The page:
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Posted by on in Centers of Excellence
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Vaping of Alcohol – What are the Effects on Blood Alcohol Concentration?

Posted on behalf of Josh Maskrey.

A recent evaluation by Cardno ChemRisk scientists assessed the best practices for determining blood alcohol concentration (BAC) at specific time-points following alcohol ingestion (Cowan et al. 2016). While alcohol consumption via ingestion has been well characterized, other routes of exposure, such as inhalation, have become increasingly popular (CBS News 2013).

Alcohol inhalation via a vaporization device (“vaping”) has received substantial news coverage in the past five years (
Huffington Post 2013; Metro.co.uk 2015; Daily Herald 2017). Alcohol vaping typically involves heating a wine or spirit in a closed container until the majority of the liquid evaporates and then inhaling the resulting vapor. As of 2017, 24 states have banned the sale, purchase, or use of alcohol vaporizing devices as a direct result of this perceived hazard, and five further states have restricted using these devices in commercial establishments (NAMSDL 2014). To date, very few scientific or peer-reviewed assessments of alcohol inhalation and its potential health risks exist. Stogner et al. (2014) performed a large-scale study of innovative alcohol use in young adults in the USA and concluded that alcohol inhalation, along with other alternative consumption methods, was relatively rare among members of that group. In a recent critical review, MacLean et al. (2017) performed a thorough review of the literature and found that many peer-reviewed studies focus on low-concentration occupational ethanol exposure or vapor inhalation from hand sanitizers. They concluded that acute alcohol inhalation exposure and the effects of repeated exposure to large alcohol doses remain to be characterized. In alcohol vaporization scenarios, a user may be exposed to a concentration of 50-60% alcohol in air over a period of one to four seconds. These vaping exposure scenarios differ greatly from low-intensity worker or consumer exposures over longer durations as previously described (Bruckner and Warren 2001; Dumas-Campagna et al. 2014; Nadeau et al. 2003).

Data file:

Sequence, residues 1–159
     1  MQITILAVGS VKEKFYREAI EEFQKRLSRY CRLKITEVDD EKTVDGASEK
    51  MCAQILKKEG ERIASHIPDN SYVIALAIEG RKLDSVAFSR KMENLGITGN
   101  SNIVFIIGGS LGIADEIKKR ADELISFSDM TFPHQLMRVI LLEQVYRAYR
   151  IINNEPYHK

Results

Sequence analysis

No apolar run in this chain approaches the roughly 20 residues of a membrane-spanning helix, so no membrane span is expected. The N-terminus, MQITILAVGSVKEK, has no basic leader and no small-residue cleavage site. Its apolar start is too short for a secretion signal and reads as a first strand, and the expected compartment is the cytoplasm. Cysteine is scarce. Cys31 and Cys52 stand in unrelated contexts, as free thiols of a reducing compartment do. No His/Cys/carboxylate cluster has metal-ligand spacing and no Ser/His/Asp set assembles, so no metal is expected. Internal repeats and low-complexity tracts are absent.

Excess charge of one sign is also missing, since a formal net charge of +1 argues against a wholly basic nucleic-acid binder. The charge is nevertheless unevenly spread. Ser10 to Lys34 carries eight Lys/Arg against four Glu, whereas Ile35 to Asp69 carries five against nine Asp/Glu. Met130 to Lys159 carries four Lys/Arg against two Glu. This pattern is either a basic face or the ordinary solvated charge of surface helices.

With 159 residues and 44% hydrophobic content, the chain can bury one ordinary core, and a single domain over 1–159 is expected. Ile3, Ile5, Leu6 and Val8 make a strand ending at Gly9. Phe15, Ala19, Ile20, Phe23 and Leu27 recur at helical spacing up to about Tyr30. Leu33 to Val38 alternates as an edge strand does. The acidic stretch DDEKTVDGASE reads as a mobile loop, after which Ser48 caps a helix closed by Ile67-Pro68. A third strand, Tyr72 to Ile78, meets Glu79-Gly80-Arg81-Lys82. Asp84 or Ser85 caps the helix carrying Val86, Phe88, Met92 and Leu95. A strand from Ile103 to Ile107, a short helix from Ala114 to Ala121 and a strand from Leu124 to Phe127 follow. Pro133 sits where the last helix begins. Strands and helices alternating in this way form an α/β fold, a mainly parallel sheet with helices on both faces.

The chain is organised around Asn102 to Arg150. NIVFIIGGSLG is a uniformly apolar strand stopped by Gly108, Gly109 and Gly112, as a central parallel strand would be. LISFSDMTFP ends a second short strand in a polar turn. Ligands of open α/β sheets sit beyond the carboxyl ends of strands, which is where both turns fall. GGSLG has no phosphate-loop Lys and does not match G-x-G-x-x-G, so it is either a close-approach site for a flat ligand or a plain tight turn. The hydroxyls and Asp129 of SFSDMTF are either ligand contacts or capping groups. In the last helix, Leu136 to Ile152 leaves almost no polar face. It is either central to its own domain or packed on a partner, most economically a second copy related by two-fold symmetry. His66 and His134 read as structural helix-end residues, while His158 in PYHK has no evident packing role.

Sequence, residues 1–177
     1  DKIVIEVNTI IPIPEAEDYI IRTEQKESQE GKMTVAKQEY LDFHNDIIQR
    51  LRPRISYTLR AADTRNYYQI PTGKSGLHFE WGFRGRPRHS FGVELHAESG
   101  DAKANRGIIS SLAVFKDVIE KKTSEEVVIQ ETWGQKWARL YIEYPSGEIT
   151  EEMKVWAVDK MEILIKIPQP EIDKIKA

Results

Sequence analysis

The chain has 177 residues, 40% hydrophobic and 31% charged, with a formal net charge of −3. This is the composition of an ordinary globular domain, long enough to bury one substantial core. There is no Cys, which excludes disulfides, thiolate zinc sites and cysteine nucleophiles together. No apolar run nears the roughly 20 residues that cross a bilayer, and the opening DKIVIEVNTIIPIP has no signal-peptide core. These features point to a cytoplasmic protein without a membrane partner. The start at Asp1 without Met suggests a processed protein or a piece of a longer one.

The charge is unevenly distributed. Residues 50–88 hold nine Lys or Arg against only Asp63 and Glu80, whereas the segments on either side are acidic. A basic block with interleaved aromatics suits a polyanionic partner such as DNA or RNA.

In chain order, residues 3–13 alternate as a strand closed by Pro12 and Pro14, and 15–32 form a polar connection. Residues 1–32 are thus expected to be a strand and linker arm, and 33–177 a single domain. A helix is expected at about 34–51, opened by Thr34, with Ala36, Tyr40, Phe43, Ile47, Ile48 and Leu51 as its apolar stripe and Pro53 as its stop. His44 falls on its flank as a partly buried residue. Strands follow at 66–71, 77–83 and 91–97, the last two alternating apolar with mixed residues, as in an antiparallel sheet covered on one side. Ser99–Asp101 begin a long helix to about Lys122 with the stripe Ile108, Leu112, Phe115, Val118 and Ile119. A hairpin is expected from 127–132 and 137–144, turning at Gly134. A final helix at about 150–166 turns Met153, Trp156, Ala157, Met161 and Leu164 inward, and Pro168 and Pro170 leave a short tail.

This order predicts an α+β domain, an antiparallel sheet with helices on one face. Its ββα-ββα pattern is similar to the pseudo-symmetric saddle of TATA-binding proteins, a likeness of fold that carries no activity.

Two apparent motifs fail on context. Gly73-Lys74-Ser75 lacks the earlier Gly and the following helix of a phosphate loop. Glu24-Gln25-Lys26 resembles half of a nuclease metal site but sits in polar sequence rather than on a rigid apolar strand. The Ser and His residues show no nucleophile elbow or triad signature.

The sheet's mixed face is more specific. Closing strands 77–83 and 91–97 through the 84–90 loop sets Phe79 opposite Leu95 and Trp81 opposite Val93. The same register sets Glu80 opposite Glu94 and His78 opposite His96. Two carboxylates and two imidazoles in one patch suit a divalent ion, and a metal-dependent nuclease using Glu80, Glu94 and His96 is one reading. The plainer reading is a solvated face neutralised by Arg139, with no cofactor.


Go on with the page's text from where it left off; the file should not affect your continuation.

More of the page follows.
Toxicologists often describe the kinetics of drug use in terms of “ADME” – absorption, distribution, metabolism, and excretion. Deliberately concentrating and inhaling alcohol vapor is fundamentally distinct from drinking alcohol, in that the absorption kinetics will be much faster via the inhalation route. Because of the faster absorption kinetics associated with inhalation, a potential exists for both a higher maximum BAC and a shorter time to reach the maximum BAC via inhalation as compared to ingestion.

The distribution, metabolism, and excretion of alcohol should be identical for both the inhalation and ingestion routes. BAC as a function of time after inhaling very high ethanol concentrations over very short exposure times has not been adequately studied to date; a quantitative description of this relationship would be useful for forensic practitioners and toxicologists, as doing so would fill a data gap in the current state of knowledge.

Cardno ChemRisk’s team of toxicologists and health risk assessment professionals have conducted research into the toxicology and kinetics of alcohol in the body following ingestion. Our primary areas of expertise include forensic modeling of BAC over time using the Widmark approach and PBPK approaches, as well as best practices for factoring changes in postmortem blood alcohol concentration into a forensic analysis. If you would like to learn more about our areas of expertise in drug and alcohol pharmacokinetics and forensic toxicology, please contact
Dr. Ernest Fung.

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